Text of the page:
The Southern African Alcohol Policy Alliance (Saapa) has called for daily liquor sales to be restricted to 6pm over the Easter holidays to slow down the spread of the coronavirus.

The call comes amid warnings by health experts that the country is likely to face the third wave in the aftermath of Easter celebrations and relaxed lockdown regulations.

Saapa Director Maurice Smithers has stressed that the Easter break is a potential catalyst for the third wave of COVID-19.

“We would really like us to look ahead and say, how can we slow down potential problems and avoid having to implement a ban because we don’t think bans are necessarily the best solutions? What we really want is to manage how people drink, not to stop them from drinking. People are talking about the third wave, winter and now, we know we are heading to the Easter weekend. What we are saying is try to get some sort of control on how to avoid alcohol from getting into becoming some kind of super spreader and seeing the numbers going up.”

‘Shotgun approach’

Meanwhile, the National Liquor Traders Council National Convener, Lucky Ntimane, says businesses, especially restaurants will not survive if alcohol sales are restricted again.

“The initial concern is that we got restaurants that are struggling to support their staff as it were. If we are going to close at 6 o’clock, you have now taken them two steps backward. I think it’s a shotgun approach at this stage. We cannot survive. As a restaurant owner, if you have to close at 6pm, it’s not going to be sustainable in a long run.”

Alcohol has been banned a couple of times to curb the spread of coronavirus:

‘Precautionary measures’

Health Minister Zweli Mkhize says extreme precautionary measures will be taken over the Easter weekend, to curb all potential super spreader events.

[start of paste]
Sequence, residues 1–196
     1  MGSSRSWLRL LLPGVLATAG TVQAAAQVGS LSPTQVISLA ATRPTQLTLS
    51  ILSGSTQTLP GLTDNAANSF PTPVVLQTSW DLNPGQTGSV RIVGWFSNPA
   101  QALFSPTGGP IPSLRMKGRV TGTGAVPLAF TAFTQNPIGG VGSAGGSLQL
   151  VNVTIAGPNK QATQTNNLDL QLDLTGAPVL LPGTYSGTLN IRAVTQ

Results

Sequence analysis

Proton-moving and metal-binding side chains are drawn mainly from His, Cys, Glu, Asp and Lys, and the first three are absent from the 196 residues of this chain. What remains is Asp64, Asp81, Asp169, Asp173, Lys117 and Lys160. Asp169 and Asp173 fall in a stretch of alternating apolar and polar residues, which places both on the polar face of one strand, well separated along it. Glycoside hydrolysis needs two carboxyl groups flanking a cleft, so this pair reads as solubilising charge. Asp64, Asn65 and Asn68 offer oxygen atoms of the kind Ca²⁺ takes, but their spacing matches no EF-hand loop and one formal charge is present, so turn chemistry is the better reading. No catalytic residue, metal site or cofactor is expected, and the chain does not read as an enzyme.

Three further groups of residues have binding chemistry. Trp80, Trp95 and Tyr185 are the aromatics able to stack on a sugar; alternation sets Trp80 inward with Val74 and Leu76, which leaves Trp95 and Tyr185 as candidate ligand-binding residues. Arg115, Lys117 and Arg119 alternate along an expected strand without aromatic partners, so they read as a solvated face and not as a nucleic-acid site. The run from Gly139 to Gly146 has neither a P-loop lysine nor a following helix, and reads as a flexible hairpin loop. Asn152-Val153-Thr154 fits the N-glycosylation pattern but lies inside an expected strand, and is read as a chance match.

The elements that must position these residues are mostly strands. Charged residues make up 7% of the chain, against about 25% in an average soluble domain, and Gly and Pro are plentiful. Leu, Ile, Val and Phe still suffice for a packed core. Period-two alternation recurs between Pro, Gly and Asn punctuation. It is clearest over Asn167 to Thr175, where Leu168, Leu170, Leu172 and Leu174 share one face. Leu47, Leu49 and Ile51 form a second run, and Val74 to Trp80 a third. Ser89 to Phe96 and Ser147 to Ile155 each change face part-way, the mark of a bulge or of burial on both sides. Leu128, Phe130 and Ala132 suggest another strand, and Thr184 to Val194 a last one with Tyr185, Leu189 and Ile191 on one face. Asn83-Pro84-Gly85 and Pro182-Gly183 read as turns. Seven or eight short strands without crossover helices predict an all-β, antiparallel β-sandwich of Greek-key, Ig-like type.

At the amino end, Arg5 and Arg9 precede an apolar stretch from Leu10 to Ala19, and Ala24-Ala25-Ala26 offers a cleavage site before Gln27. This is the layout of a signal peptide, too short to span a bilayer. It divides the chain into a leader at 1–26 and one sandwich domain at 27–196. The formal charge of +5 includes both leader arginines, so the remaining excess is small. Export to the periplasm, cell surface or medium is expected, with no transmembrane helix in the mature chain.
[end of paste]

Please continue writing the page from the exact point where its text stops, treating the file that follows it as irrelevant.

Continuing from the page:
Government is being advised to go into a stricter lockdown level for the Easter weekend as experts warn that South Africa could be hit by a third wave of the coronavirus pandemic after the holidays.

On Friday, South Africa will mark one year since the country was placed under hard lockdown. It has been struggling to control the pandemic, including having to deal with the emergence of the new 501Y.V2 that triggered the second wave.

Mkhize says it is crucial to take safety measures over this holiday period.

“Even if we had vaccines, we would still have to go through the issue of using the containment measures. Now, we are taking into account the number of issues including the fact that we need to discourage any super spreader activities during the Easter weekend. We need to also watch what happens with the inter-provincial movement which can lend itself towards spreading the infection.”

A year since SA was placed under COVID-19 hard lockdown: Dr. Zweli Mkhize

The 1st COVID-19 case was reported on March 5th last year. To date, the country has had over a million infections and over 52 000 deaths.

Dr. Benjamin Roberts is the Research Director within the Developmental, Capable and Ethical State (DCES) division at the HSRC.

‘Changeover’ 

Minister Mkhize says the global coronavirus vaccine rollout has suffered a major blow due to the high demand for vaccines throughout the world.

South Africa had to pause AstraZeneca vaccinations last month because of a small trial showing that the shot offers minimal protection against mild to moderate illness caused by the dominant coronavirus variant.

At the time, the country had received one million AstraZeneca doses from the Serum Institute of India and the delivery of another 500 000 was pending.

“That is the changeover that has caused us to be where we are. Of course, if we were to use those vaccines we would be talking about more than two million people vaccinated. At this point, we have J&J vaccines. In the next two weeks, we would have gotten the full total of 500 000. In April we expect 7 million of the Pfizer vaccines to be with us and three million of J&J would be with us.”